Let’s talk Grafton sports

There are a lot of things I find lacking in my own Grafton coverage (among them, the ability to be in two places at once), but the one area I really feel is missing is sports.

I do not have a child at the high school. My son plays Little League and flag football; my daughter kicked a soccer ball for two years before retiring from sporting events at the ripe old age of 6. My interest in sports tends to center around whatever my son happens to be playing and the Boston Red Sox (and the Beanpot of course — BU rules!).  But I believe if you’re going to provide coverage of a town, high school sports are a must.

So let me throw the topic out there: are sports covered enough by the T&G and Grafton News?

Is there anyone who wants to pick up the ball, so to speak? I can’t offer anything but fame, glory and, for a high school student, writing tips and a kick-ass college reference.

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6 thoughts on “Let’s talk Grafton sports

  1. This would be a great project for some High School students with an interest in journalism. Maybe they could get some extra credit and, of course, the kick-ass college reference.

  2. Uh…no is the answer to your question. Sports in this town are not covered enough by the T&G. I had emailed the sports editor and his response was pretty defensive. Basically he said things are just fine the way they are. I was asking why there isn’t more coverage of a particular sport that is not basketball and why Grafton doesn’t get much coverage overall. All players work hard and it seems they cover the same athletes from the same towns. We don’t have the indoor facility that some schools have but still they are out there running and training. I wonder what the athletes themselves feel about the coverage.

  3. I’ve written for every section of a newspaper except the sports section, but I’ve always appreciated sports reporting, which is often the best writing in the paper.

    One thing that nagged at me over the years — when papers have cuts, they don’t seem to re-evaluate what should stay and what they could do without. The prime example here is with sports coverage. You can read about the Red Sox, Celtics and Patriots in the Boston papers. I don’t think anyone anxiously picks up one of the suburban papers to read about last night’s game (personally, I always figured the sports editors didn’t want to give up their press box seats at Fenway). What you can’t do is pick up a Boston paper and read about how your high school team did, in depth, the night before.

    In college, one of my projects was an analysis of the three papers that covered Bellingham at the time (Milford Daily, Middlesex News and Woonsocket Call). My brother was a senior in high school and a basketball star and the week I analyzed included a game in which he sank a ridiculous amount of 3-pointers. One paper had the headline “Lord sizzles” and a breathless account of the game, one had a decent write-up, the third didn’t even have the score correctly and was clearly a “let’s have the intern call around for the scores” brief. My project concluded that the best local paper had to have a highly local focus, and that meant a staff that concentrated on the details of town life that mattered to the residents.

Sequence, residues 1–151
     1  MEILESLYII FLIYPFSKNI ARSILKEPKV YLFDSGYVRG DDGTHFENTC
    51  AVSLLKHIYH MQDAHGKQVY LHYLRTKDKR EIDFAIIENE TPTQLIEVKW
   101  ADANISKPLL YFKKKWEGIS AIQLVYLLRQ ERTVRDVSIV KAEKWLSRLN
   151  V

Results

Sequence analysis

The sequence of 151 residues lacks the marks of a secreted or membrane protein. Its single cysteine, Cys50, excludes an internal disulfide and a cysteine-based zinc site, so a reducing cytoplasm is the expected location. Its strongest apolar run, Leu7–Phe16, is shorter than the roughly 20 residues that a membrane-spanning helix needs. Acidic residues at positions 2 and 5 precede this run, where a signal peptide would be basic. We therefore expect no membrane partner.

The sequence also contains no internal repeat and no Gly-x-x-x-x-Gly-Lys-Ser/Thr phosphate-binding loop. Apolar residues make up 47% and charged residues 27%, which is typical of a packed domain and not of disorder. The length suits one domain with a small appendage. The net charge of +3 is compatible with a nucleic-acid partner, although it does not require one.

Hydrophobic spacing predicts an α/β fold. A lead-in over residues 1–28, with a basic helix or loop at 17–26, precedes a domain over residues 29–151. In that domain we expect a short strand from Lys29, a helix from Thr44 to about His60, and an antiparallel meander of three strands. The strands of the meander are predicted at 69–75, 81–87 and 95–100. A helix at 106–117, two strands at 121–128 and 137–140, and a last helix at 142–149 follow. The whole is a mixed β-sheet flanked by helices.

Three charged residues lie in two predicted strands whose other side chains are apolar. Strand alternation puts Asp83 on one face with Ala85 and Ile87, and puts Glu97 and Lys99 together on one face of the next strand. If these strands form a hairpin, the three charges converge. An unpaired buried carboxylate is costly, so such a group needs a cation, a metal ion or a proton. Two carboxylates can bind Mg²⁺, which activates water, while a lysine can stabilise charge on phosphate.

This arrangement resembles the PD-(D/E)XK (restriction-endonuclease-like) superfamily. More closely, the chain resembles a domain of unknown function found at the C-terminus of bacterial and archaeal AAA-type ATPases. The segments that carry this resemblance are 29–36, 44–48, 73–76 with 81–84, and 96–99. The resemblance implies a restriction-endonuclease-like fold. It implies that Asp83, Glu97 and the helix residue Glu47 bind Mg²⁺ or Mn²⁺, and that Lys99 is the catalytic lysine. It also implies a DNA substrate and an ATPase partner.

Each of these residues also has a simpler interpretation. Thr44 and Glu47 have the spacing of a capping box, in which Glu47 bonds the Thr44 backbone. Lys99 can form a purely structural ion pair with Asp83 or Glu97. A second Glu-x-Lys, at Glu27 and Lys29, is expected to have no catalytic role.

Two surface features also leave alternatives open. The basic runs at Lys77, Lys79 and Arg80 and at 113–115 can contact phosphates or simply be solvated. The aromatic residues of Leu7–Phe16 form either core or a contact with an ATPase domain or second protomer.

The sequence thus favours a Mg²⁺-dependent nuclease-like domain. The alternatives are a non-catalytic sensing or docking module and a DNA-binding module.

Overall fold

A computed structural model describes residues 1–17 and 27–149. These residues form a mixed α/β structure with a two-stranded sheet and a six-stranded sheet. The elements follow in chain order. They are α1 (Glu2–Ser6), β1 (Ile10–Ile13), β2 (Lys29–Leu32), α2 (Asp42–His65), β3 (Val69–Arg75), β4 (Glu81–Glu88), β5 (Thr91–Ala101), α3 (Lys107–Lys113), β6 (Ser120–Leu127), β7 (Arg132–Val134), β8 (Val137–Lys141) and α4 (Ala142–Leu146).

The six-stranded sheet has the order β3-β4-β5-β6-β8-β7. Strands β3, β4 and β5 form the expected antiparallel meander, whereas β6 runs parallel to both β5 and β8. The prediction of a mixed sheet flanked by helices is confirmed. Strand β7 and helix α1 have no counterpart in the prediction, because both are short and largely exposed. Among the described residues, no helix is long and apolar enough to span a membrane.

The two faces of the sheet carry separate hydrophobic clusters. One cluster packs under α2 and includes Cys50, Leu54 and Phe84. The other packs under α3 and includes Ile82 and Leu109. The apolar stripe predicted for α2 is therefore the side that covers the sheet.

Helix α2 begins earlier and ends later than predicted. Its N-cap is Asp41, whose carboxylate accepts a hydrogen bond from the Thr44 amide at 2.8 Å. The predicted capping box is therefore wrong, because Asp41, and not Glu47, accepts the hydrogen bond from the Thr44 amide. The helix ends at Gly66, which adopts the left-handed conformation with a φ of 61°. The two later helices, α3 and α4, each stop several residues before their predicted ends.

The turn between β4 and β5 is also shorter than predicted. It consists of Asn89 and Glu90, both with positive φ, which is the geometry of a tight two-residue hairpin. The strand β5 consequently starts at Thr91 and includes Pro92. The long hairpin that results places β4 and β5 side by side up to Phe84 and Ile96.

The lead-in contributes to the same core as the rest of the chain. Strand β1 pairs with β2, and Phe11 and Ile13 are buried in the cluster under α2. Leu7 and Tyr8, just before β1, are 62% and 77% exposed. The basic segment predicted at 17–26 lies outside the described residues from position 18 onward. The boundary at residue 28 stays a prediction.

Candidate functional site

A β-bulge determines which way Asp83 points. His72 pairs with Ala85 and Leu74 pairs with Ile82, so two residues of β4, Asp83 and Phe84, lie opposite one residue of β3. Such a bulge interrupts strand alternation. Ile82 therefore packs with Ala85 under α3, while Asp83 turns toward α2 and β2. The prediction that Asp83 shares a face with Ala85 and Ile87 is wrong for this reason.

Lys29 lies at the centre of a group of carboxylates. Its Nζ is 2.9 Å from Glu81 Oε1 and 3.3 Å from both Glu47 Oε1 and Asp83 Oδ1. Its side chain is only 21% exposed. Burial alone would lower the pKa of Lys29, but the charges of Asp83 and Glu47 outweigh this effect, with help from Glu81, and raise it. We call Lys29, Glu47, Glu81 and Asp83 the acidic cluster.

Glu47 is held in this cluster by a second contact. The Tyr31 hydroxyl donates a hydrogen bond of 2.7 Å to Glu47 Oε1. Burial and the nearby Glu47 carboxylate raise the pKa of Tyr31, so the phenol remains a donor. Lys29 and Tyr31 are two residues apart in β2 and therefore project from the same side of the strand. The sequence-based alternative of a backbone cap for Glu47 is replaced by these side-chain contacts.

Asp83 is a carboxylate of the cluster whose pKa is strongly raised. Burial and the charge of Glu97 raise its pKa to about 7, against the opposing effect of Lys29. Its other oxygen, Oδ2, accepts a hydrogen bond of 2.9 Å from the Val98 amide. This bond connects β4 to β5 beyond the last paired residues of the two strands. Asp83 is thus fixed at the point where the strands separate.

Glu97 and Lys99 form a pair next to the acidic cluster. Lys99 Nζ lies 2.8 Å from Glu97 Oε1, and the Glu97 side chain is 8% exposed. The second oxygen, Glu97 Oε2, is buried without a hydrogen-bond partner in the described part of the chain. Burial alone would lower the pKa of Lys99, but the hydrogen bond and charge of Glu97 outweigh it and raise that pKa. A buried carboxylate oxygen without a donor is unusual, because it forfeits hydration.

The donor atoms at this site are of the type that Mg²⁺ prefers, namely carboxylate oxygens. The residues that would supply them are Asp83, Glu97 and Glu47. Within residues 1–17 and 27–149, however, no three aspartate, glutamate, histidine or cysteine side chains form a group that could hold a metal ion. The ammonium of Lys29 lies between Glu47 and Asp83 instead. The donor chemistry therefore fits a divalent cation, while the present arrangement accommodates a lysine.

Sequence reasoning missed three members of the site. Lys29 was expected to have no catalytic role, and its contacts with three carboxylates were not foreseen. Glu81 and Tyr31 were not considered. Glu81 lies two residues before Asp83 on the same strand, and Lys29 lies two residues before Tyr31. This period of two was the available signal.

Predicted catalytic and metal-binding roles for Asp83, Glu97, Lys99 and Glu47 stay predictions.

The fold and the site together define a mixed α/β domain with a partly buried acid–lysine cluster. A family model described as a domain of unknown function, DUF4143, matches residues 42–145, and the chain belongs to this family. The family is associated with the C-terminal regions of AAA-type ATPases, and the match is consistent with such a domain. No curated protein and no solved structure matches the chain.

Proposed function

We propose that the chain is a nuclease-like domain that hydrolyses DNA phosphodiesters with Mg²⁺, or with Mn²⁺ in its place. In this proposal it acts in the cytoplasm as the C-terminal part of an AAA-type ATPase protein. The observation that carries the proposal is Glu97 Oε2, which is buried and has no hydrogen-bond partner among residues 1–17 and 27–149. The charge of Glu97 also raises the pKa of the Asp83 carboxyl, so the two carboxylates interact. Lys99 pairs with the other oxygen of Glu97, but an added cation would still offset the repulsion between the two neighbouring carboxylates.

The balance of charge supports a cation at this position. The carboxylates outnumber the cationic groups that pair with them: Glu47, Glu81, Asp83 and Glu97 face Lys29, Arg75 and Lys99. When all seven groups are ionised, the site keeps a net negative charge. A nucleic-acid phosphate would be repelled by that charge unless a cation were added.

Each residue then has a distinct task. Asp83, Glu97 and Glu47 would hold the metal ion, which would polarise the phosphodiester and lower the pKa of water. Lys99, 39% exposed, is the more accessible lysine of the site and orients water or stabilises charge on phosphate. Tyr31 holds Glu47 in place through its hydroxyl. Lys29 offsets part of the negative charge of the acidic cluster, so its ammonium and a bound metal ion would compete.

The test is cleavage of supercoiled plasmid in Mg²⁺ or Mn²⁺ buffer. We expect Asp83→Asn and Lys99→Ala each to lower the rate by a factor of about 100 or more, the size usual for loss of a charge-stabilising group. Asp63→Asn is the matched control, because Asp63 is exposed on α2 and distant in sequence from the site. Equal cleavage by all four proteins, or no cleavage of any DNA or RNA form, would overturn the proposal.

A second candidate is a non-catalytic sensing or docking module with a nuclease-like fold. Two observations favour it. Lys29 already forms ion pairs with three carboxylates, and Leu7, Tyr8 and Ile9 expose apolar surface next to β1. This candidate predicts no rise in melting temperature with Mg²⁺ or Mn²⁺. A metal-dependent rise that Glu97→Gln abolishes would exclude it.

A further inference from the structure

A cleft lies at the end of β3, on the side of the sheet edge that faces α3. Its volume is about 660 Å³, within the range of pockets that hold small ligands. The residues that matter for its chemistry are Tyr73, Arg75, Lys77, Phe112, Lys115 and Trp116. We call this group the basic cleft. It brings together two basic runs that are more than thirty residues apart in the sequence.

It’s been 20 years since then, and I still agree with that thesis.

  4. I currently have two boys that play 3 sports each. At times the teams at the high school perform quite well or have an interesting story to tell. Football got a new coaching staff this year and went from 0-11 to 5-6. Kids now want to play on the team. The current boy’s basketball team is 14-4 and playing in the Clark Tournament next week and will play in the District Tournament after that. Boy’s soccer and lacrosse have each made the district tournaments the last couple of years.
    The Telegram puts in a Roundup each day, one or two sentences from each game given by one of the coaches. There is also a smattering of in-depth articles on teams that a reporter likes to cover or is in first place, in addition to the box scores. After that it falls off drastically. The Grafton News has started to print some articles about HS sports and that is all good.
    High school sports are a big deal to the kids that participate and teach many life lessons. My kids do better academically when they are playing sports. I would like to see more positive stories about what is going on at the High School and how these young people are performing and achieving in all activities.
    Unfortunately mine are not journalist!

  5. I think local sports coverage is a tough call. For each season, there are a whole bunch of teams, with both boys and girls …and if you delve deeply into the trials and tribulations of the girls hoops team, then the boys hoops team is going to feel left out, not to mention the swim team. It just seems like you have to strike a careful balance, or go all out and spend your life attending high school games.

    I think it might be interesting to just pick a random sport out of a hat, and invite a member to do a periodic check in updating the season.

    And as far as posting scores, I would like to remind you that its not about whether or not you win the game, its about having fun. I don’t want to know whether or not Sizzling Lord & his teamates won, but rather if they had fun kickin the crap out of their oponent!

  6. Clearly, Michael doesn’t watch “Friday Night Lights.” But he totally should. 🙂

    And I’m willing to take all coverage — I just don’t want to go to games myself. I have Little League!

    Also, I vividly remember scanning the sports pages in high school looking for pictures and stories about my track star boyfriend. I hate to think the current generation is deprived of that fun.

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